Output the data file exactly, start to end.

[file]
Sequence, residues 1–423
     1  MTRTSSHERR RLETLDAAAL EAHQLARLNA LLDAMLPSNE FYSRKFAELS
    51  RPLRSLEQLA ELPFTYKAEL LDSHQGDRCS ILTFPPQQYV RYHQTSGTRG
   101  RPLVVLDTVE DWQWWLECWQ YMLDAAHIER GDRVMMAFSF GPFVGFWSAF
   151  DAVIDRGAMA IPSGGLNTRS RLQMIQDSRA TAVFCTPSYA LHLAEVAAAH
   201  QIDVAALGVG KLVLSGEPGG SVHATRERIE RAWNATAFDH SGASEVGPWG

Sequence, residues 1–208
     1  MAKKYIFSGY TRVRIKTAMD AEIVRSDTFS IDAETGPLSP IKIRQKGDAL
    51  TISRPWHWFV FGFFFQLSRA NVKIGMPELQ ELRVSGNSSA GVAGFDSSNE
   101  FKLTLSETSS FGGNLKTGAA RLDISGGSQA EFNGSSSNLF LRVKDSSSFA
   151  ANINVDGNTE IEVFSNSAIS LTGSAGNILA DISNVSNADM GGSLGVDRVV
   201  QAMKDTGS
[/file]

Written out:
Sequence, residues 1–423
     1  MTRTSSHERR RLETLDAAAL EAHQLARLNA LLDAMLPSNE FYSRKFAELS
    51  RPLRSLEQLA ELPFTYKAEL LDSHQGDRCS ILTFPPQQYV RYHQTSGTRG
   101  RPLVVLDTVE DWQWWLECWQ YMLDAAHIER GDRVMMAFSF GPFVGFWSAF
   151  DAVIDRGAMA IPSGGLNTRS RLQMIQDSRA TAVFCTPSYA LHLAEVAAAH
   201  QIDVAALGVG KLVLSGEPGG SVHATRERIE RAWNATAFDH SGASEVGPWG

Sequence, residues 1–208
     1  MAKKYIFSGY TRVRIKTAMD AEIVRSDTFS IDAETGPLSP IKIRQKGDAL
    51  TISRPWHWFV FGFFFQLSRA NVKIGMPELQ ELRVSGNSSA GVAGFDSSNE
   101  FKLTLSETSS FGGNLKTGAA RLDISGGSQA EFNGSSSNLF LRVKDSSSFA
   151  ANINVDGNTE IEVFSNSAIS LTGSAGNILA DISNVSNADM GGSLGVDRVV
   201  QAMKDTGS